In 2004 Toys“R”Us took Amazon to court after the latter allowed third party sellers to list toys on their site, these sellers were in direct competition with Toys“R”Us. The case ended in settlement with Amazon shelling out $51 million in damages and the partnership being severed. This left Toys“R”Us way behind the e-commerce curve, their online presence was not even close to where it arguably should have been. The worst part…. they didn’t do enough to recover. The $100 million they invested over the next 3 years was a drop in the ocean when compared with the $2.5 billion per year that Target poured into their online efforts following the termination of a similar Amazon partnership.

Toys“R”Us could not compete. Amazon along with the ‘big box retailers’ were unrelenting in their pursuit of volume sales, often selling toys as a loss-leader to get people through the doors. With crippling levels of debt Toys“R”Us simply did not have the capital needed to go into battle with these giants of industry. The nail in the coffin; the media caught wind of Toys“R”Us’ decision to bring in ‘restructuring advisors’. In essence this was a big flashing sign to the market that Toys“R”Us could not make debt repayments and were considering bankruptcy. Within a week 40% of it’s suppliers had refused to ship products unless they received cash on arrival.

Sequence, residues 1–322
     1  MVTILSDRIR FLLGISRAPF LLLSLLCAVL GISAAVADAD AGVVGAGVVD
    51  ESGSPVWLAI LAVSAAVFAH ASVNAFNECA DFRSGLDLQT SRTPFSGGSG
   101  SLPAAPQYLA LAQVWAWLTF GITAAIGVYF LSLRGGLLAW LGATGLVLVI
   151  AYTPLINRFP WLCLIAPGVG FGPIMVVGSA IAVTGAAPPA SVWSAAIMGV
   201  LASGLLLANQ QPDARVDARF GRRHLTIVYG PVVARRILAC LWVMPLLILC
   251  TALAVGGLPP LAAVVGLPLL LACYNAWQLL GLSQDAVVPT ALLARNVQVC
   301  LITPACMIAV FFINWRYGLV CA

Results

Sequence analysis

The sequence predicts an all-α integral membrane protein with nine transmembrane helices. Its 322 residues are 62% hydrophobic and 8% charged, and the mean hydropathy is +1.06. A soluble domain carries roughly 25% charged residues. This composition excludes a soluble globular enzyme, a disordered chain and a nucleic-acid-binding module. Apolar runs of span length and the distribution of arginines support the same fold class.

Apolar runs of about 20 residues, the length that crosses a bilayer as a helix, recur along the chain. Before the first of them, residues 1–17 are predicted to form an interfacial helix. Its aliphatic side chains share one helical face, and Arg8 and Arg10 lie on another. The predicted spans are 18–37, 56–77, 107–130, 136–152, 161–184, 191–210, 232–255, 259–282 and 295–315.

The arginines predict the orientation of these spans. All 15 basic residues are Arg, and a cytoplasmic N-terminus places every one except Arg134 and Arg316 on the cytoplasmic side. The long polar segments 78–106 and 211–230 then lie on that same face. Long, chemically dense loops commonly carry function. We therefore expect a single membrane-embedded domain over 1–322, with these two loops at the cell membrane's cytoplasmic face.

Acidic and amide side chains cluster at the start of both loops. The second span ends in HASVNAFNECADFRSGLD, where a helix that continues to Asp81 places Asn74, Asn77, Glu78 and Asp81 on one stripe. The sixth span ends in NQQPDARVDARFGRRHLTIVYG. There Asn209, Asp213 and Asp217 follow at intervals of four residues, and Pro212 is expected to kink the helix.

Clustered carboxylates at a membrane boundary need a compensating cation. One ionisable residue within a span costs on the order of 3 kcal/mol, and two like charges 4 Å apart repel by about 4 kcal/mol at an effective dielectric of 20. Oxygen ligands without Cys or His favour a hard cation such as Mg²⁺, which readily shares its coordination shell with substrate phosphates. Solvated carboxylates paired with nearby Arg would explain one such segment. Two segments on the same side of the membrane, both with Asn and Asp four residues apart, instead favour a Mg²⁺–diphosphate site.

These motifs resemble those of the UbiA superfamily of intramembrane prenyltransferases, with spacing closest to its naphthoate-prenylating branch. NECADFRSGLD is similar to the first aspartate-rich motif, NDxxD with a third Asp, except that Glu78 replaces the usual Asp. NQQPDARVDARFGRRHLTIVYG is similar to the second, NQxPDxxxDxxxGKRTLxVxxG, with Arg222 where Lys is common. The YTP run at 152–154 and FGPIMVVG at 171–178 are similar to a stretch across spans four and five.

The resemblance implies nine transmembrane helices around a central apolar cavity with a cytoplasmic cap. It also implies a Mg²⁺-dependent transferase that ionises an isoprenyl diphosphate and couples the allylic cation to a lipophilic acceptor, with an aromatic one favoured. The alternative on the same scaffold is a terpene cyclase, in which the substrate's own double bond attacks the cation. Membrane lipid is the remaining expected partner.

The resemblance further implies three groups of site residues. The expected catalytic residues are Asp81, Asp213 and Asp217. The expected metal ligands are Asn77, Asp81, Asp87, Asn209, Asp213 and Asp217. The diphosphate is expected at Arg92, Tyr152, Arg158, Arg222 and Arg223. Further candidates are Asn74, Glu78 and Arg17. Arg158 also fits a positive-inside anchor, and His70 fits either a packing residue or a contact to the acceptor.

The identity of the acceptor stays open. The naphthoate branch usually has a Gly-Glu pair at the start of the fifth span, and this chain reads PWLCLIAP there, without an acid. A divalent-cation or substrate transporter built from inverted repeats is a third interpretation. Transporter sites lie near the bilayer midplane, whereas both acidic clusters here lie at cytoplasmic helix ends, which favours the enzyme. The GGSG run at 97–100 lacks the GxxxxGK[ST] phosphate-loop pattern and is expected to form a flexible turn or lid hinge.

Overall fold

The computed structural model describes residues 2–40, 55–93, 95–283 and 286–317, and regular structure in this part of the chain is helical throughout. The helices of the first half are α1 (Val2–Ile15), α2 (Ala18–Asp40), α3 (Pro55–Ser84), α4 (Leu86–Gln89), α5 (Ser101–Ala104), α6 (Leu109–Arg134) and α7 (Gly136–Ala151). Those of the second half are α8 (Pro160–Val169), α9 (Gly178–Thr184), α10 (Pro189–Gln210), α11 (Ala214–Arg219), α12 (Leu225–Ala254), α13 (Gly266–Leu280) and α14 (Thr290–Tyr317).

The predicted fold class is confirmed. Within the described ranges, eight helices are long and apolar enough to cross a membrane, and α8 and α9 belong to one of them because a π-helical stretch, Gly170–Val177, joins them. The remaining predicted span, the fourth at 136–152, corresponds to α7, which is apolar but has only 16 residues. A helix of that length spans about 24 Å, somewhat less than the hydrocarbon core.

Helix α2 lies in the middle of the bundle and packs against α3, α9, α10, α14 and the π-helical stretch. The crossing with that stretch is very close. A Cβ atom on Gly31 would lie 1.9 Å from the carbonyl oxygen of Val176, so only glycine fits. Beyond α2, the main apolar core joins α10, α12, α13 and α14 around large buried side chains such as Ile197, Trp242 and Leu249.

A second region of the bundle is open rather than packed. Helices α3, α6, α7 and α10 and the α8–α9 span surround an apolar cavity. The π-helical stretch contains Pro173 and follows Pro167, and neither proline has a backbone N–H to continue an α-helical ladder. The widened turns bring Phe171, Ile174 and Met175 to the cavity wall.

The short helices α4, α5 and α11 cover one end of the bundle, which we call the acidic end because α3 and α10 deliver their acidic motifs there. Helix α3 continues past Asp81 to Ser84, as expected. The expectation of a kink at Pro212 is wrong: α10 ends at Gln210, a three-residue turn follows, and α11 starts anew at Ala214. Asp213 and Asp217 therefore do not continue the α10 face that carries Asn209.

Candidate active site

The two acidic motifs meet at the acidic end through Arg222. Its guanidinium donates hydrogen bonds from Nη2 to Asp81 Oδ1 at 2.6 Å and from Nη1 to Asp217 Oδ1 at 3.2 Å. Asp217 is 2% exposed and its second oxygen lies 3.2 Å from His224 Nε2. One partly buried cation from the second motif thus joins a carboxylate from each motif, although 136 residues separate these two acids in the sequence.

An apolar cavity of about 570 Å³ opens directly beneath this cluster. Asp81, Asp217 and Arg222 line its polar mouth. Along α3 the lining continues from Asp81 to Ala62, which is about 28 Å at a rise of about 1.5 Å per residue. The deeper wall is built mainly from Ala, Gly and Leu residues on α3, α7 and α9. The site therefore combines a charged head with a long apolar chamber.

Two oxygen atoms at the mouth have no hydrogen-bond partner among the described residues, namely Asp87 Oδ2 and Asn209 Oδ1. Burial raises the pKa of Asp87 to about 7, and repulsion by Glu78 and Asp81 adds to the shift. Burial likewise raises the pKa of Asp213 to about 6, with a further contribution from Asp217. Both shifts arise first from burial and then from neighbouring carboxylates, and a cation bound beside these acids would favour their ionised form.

Boom, seemingly overnight it’s bye bye Toys“R”Us.

So, to the reason you’re reading this article – could a better app have saved this $31 billion (March ’17) company from going bust?

Since the explosion of e-commerce, the consumer experience has completely changed, a buyer generally knows exactly what they want before they walk through the doors of a physical store. 60% of the time they have seen a product online, checked the price and the decision to buy has been made. The buyer has all the power and retailers need to adapt to this. Creating and maintaining a strong bond with customers is now essential to staying at the top and that is where having an app comes in.